Have you ever had an encounter with a bear?
Did you ever babysit? What was your pay? Ever hire a babysitter? What did you pay?
Are you good at untangling knots? How about holiday lights? How are you with the garden hose, do you keep it nice and neat?
The Twitter Emitter
The bottom is usually reached when you are falling faster than you can lower your standards. #topoli— Jim Coyle (@coyleWERDZ) November 3, 2013
The fact that K-Mart is open on Thanksgiving Day comes as a shock to those of us who didn't realize it was open the other 364.— Crutnacker (@Crutnacker) November 5, 2013
The real victim here is the dead animal Rand Paul stole his wig from.— Tina (@trcfwtt) November 5, 2013
Although @ColbertReport is fabulous, he referred to ticks and spiders as "insects" rather than Arachnida. O, the arthropod-anity...— Bill Nye (@TheScienceGuy) November 5, 2013
Apparently if you're a straight white male in politics, there's nothing that will stop you from thinking you deserve to hold office.— Sally Kohn (@sallykohn) November 5, 2013
When people grill him about plagiarism, Rand Paul should just quote from the Wikipedia entry for Originality http://t.co/...— Ben Greenman (@bengreenman) November 6, 2013
RT @el_sid: ...has anyone ever seen Rush Limbaugh and Rob Ford together at the same time?!?!?— Top Conservative Cat (@TeaPartyCat) November 6, 2013
Mark Obenshain called to reassure Ken Cuccinelli that "as Attorney General I'll carry on your great work oppressing women and gays."— Top Conservative Cat (@TeaPartyCat) November 6, 2013
Well it looks like stop and frisk will be going away from the streets of Bee York, but not the bedrooms of Virginia— Jack Kimble (@RepJackKimble) November 6, 2013
I like when people leave Congress 'for more time with their family.' Cos those guys only get , like, 150 days off per year.— John Fugelsang (@JohnFugelsang) November 6, 2013
On This Day
In 1893, Colorado gave women the right to vote in state and local elections.
In 1908, Butch Cassidy and the Sundance Kid were rumored to have been killed in Bolivia.
In 1914, The New Republic magazine was first published.
In 1916, Jeannette Rankin became the first woman to be elected to the United States Congress.
In 1929, New York's wonderful Museum of Modern Art opened to the public.
In 1940, four months after its completion, the original Tacoma Narrows Bridge in Tacoma, Washington, collapsed in a windstorm.
In 1944, Franklin D. Roosevelt won re-election for a record fourth term as President of the United States of America. The Republicans made damn sure that would never happen again!
In 1967, Carl B. Stokes became Mayor of Cleveland, Ohio, making him the first African American mayor of a major American city.
In 1973, President Nixon's veto of the War Powers Resolution, limiting presidential power to wage war without congressional approval, was overridden by Congress.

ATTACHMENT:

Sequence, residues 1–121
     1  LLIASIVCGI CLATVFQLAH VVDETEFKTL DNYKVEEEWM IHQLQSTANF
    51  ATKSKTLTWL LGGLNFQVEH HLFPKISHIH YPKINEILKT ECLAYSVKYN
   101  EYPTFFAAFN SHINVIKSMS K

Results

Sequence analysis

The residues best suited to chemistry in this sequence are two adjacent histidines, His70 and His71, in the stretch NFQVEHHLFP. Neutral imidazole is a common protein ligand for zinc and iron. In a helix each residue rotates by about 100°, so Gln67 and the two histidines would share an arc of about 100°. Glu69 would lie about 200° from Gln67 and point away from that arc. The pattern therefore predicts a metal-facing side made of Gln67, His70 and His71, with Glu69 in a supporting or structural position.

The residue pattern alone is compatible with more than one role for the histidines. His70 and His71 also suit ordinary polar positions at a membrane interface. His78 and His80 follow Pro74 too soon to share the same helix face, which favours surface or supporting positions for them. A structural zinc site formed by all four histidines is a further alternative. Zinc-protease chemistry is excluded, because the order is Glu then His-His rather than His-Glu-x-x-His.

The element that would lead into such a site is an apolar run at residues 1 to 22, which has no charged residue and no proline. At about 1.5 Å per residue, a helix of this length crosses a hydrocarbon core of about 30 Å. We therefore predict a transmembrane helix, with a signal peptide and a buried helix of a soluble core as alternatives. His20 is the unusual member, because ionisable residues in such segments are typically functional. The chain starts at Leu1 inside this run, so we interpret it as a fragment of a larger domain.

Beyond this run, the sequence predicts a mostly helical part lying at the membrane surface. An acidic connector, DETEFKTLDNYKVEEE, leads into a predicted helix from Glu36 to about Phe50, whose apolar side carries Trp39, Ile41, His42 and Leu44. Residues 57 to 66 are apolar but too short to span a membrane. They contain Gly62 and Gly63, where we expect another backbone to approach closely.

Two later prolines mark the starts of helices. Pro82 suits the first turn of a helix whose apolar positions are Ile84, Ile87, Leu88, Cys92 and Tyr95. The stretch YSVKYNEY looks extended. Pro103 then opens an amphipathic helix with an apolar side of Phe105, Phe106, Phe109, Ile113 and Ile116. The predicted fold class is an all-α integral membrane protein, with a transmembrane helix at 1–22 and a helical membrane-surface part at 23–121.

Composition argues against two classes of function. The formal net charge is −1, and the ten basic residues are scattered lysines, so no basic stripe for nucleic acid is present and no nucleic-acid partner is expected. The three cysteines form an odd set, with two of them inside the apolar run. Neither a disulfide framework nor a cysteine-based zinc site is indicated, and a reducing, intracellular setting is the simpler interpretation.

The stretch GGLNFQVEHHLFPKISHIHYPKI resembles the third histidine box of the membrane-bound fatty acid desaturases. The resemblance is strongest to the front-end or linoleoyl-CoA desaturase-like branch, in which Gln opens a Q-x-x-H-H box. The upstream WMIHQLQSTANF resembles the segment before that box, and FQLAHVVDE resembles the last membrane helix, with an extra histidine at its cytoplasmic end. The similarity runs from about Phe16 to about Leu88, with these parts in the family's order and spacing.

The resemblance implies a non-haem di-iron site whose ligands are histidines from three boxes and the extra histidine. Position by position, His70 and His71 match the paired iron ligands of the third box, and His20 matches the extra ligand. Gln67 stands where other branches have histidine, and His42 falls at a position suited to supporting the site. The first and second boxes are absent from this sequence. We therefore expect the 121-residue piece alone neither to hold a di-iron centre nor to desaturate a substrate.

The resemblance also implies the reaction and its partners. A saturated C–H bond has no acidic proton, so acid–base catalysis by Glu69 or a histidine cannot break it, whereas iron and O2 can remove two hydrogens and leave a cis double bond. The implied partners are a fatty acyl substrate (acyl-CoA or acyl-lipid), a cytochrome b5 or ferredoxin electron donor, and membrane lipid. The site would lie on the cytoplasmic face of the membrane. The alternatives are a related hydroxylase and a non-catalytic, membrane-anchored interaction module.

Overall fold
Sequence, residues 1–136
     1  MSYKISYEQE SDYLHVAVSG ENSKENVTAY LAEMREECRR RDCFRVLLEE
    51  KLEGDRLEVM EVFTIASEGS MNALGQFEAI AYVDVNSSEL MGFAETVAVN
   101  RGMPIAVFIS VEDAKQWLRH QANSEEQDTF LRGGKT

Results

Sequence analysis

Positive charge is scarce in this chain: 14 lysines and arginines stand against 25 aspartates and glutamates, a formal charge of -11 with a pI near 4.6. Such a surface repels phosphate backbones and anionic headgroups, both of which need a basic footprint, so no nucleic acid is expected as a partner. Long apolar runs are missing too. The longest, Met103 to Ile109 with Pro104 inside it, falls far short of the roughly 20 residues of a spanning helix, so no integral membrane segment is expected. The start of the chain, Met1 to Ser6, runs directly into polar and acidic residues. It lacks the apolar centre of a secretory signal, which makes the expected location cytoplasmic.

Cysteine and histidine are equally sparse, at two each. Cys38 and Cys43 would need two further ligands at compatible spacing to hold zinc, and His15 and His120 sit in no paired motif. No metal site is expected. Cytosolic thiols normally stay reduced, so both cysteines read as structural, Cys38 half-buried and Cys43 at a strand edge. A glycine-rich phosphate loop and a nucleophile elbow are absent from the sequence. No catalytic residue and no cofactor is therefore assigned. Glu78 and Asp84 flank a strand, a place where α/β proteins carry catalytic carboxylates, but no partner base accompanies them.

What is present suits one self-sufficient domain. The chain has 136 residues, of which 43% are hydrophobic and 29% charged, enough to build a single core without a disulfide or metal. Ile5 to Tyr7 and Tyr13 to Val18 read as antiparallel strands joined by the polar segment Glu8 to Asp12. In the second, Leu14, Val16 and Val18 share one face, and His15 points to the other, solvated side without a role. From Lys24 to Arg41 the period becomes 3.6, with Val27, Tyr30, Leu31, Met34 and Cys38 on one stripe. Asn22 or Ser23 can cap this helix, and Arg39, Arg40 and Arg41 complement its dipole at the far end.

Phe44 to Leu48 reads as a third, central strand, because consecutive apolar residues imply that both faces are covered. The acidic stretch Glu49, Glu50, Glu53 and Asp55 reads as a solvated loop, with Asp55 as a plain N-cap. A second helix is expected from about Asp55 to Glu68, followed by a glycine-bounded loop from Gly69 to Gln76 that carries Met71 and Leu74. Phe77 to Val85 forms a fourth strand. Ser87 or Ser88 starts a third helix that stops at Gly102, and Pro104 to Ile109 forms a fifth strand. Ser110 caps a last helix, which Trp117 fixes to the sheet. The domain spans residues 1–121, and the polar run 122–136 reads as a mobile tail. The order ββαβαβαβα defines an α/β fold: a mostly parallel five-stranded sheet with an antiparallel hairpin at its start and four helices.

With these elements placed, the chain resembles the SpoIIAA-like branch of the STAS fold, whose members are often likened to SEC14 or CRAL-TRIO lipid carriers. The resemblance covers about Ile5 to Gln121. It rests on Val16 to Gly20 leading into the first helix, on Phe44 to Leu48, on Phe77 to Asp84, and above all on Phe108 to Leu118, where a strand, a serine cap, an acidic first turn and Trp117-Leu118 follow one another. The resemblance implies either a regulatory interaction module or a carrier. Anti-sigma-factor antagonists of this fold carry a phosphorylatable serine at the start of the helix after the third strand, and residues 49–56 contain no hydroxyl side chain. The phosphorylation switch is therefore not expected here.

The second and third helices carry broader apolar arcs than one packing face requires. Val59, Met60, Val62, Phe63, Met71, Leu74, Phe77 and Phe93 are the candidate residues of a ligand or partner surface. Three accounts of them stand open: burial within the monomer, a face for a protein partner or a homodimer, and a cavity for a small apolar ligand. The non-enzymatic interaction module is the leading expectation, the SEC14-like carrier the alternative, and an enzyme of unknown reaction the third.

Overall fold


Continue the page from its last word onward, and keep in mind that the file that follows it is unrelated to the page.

In 1989, Douglas Wilder became the first elected African American governor in the United States when he won the governor's seat in Virginia.
In 2002, Iran banned all advertising of American-made products.
Born on This Day
1598 – Francisco Zurbarán, Spanish painter (d. 1664)
1728 – Captain James Cook, British naval officer, explorer, and cartographer (d. 1779)
1808 - Hermann Kauffmann, German painter (d. 1889)
1811 - Jan Jacob Spohler, Dutch landscape painter (d. 1866)
1820 - Frans Lebret, Dutch painter (d. 1909)
1828 - Paul-Jacques Aimé Baudry, French painter (d. 1886)
1849 - Józef Chelmonski, Polish painter and illustrator (d. 1914)
1859 - Henri Marius Camille Bouvet, French painter (d. 1945)
1861 - Lesser Ury, German impressionist painter (d. 1931)
1867 – Maria Sklodowska-Curie, Polish chemist and physicist, recipient of the Nobel Prize in physics and in chemistry (d. 1934)
1879 – Leon Trotsky, Russian revolutionary (d. 1940)
1879 – King Baggot, American actor (d. 1948)
1890 – Jan Matulka American painter (d. 1972)
1893 – Leatrice Joy, American actress (d. 1985) See Tipple Jar
1901 – Norah McGuinness, Northern Irish painter and illustrator (d. 1980)
1913 – Albert Camus, French writer, Nobel Prize laureate (d. 1960)
1918 – Billy Graham, American evangelist
1942 – Jean Shrimpton, British supermodel and actress
1943 – Joni Mitchell, Canadian musician
1949 – Stephen Bruton, American guitarist and songwriter (d. 2009)
1949 – David S. Ware, American saxophonist (d. 2012)
1951 – Lawrence O'Donnell, American political analyst
1952 – David Petraeus, American military officer, ex-CIA Director, and idiot where women are concerned
1954 – Guy Gavriel Kay, Canadian fantasy author
1964 – Sandra Denton, American rapper and actress (Salt-N-Pepa)
1964 – Liam Ó Maonlaí, Irish keyboard player and songwriter (Hothouse Flowers)
1970 – Morgan Spurlock, American director and producer
1989 – Nadezhda Tolokonnikova, Russian singer and activist (Pussy Riot)
Died on This Day
1528 - Andrea Previtali, Italian painter (b. 1470)
1678 - Erasmus Quellinus II, Flemish painter (b. 1607)
1708 - Ludolf Backhuysen (or Bakhuizen), Dutch marine painter (b. 1631)
1766 - Jean-Marc Nattier, French portrait painter (b. 1685)
1904 - Edwin Hayes, Irish marine painter (b. 1819)
1924 - Hans Thoma, German painter (b. 1839)
1959 – Victor McLaglen, British-born actor (b. 1883) who won the Best Actor award for his performance as Gypo Nolan in The Informer (1935)
1962 – Eleanor Roosevelt, First Lady of the United States (b. 1884)
1978 – Gene Tunney, heavyweight boxing champion (b. 1897)
1980 – Steve McQueen, American actor (b. 1930)
1986 – Tracy Pew, Australian bass player (The Birthday Party and The Saints) (b. 1957)
1991 – Touko Laaksonen, known as Tom of Finland, Finnish illustrator (b. 1920)
2004 – Howard Keel, American actor and singer (b. 1919)
2011 – Joe Frazier, Olympic Heavyweight Boxer (b. 1944)
National Bittersweet Chocolate with Almonds Day
Hug A Bear Day
International Tongue Twister Day
October Revolution Day (Soviet Union/Russia)
National Gin Day
National Men Make Dinner Day